Everyone’s after that sweet, sweet Millennial paper—be it allowance, trust fund, or unrecoupable college loan. Despite claims of being lazy good-for-nothings, the 18-34 year-olds seem to have a lot of buying power and disposable income, and oh how companies covet it. Many reports have been commissioned by thirsty corporations interested in capitalizing on the Millennial dollar, and now there’s one about coffee.
Performed by Datassential
, the study is 14 pages of terrible Getty Image-type clip art of young people smiling and holding coffee beverages (though a Kees Van Der Westen Spirit
does make a cameo in one, so that’s pretty cool) to give visual cues for how “emotionally engaged” Millennials are with their coffee.
“And how can I monetize this emotional engagement?” you might be asking, Pavlov’s bell ringing in your eyes, on-trend French bulldogs salivating at the ready, water dish full of La Croix. Simple: talk about sustainability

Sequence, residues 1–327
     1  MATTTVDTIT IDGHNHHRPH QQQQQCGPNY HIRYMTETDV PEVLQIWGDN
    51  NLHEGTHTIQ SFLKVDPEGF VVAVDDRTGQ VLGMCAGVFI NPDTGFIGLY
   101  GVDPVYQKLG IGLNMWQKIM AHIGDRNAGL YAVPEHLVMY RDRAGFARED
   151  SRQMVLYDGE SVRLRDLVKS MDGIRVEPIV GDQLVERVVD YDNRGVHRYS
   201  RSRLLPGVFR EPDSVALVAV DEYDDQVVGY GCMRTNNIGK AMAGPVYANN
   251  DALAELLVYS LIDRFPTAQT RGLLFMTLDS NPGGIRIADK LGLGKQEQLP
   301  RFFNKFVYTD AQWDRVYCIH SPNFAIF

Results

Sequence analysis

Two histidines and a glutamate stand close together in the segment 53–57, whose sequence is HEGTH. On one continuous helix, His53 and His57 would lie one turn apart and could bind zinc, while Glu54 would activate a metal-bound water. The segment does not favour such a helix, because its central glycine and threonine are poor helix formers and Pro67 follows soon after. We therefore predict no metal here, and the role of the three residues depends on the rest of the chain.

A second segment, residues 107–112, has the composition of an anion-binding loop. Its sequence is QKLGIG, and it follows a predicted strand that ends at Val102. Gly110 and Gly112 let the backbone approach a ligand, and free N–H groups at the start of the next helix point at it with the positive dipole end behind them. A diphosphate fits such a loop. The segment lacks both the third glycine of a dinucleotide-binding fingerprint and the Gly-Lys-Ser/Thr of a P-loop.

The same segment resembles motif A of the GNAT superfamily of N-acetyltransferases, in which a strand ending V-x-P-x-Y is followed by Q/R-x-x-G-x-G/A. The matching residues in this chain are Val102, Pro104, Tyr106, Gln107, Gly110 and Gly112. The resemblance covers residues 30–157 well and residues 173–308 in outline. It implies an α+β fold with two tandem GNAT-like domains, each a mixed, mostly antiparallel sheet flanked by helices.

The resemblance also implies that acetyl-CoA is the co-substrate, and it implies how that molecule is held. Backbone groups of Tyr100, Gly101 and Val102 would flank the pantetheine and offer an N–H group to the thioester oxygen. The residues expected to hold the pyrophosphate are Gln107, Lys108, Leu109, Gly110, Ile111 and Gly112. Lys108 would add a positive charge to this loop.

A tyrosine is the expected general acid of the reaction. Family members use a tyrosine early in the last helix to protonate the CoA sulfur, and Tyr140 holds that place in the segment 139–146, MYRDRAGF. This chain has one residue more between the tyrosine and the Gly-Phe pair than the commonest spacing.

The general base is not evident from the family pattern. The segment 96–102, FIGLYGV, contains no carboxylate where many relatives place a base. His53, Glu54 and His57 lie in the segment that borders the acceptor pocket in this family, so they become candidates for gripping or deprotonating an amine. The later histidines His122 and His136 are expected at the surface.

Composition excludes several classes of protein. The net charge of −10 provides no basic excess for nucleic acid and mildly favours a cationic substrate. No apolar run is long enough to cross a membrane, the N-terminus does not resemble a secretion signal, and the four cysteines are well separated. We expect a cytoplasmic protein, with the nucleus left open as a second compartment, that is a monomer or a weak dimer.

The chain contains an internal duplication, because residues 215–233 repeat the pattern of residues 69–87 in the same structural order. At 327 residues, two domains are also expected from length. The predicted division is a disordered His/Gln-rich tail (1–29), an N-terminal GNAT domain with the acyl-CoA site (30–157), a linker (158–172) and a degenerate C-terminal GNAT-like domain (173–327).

. That’s what the kids crave. Of the 904 people surveyed, the term “sustainably-sourced” received the favorability rating, with “organic” and “Fair Trade Certified” being the highest indicators of sustainability. Responders also showed a strong propensity for “locally-sourced” coffee. What does that even mean? If you are being asked for your opinion because of your age/buying power, you’re probably in a first world country. There is no locally-sourced coffee here, you dipshits, unless you took this poll in Hawaii or near that one farm in Santa Barbara
. Please stop giving the other generations reasons to hate us by caricaturing what they already think we are.
The worst part is, there’s nothing inherently wrong with those impulses. Wanting to buy stuff that is grown in a non-evil way and connects with a community doing non-evil things is itself not evil. Wanting to do good with your purchasing power is not a bad thing. Just make sure your heartstrings aren’t attached directly to your wallet without first stopping over at your thinky place, because that will help you distinguish actually buying ethically from being tricked out of your hard-earned dollar by some faceless corporation going point-for-point down some marketing bozo’s glossy buzzword report.
Here’s a fun game: after reading the report
, count how many instances on the S&D Coffee homepage
appear to be a direct response to the findings. I got three.